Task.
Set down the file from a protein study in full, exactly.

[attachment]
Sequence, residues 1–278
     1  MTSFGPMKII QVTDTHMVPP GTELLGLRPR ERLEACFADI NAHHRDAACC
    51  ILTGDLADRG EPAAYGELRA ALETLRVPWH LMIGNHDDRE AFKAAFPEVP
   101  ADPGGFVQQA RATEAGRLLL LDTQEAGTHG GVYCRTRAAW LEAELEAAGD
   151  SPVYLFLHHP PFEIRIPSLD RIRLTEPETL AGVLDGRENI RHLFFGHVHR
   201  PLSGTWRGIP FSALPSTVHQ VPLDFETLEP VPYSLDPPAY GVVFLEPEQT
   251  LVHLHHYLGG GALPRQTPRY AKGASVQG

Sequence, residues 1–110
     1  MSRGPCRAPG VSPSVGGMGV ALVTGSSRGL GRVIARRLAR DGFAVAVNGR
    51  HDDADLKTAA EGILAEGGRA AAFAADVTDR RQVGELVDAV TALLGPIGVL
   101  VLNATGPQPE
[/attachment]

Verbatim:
Sequence, residues 1–278
     1  MTSFGPMKII QVTDTHMVPP GTELLGLRPR ERLEACFADI NAHHRDAACC
    51  ILTGDLADRG EPAAYGELRA ALETLRVPWH LMIGNHDDRE AFKAAFPEVP
   101  ADPGGFVQQA RATEAGRLLL LDTQEAGTHG GVYCRTRAAW LEAELEAAGD
   151  SPVYLFLHHP PFEIRIPSLD RIRLTEPETL AGVLDGRENI RHLFFGHVHR
   201  PLSGTWRGIP FSALPSTVHQ VPLDFETLEP VPYSLDPPAY GVVFLEPEQT
   251  LVHLHHYLGG GALPRQTPRY AKGASVQG

Sequence, residues 1–110
     1  MSRGPCRAPG VSPSVGGMGV ALVTGSSRGL GRVIARRLAR DGFAVAVNGR
    51  HDDADLKTAA EGILAEGGRA AAFAADVTDR RQVGELVDAV TALLGPIGVL
   101  VLNATGPQPE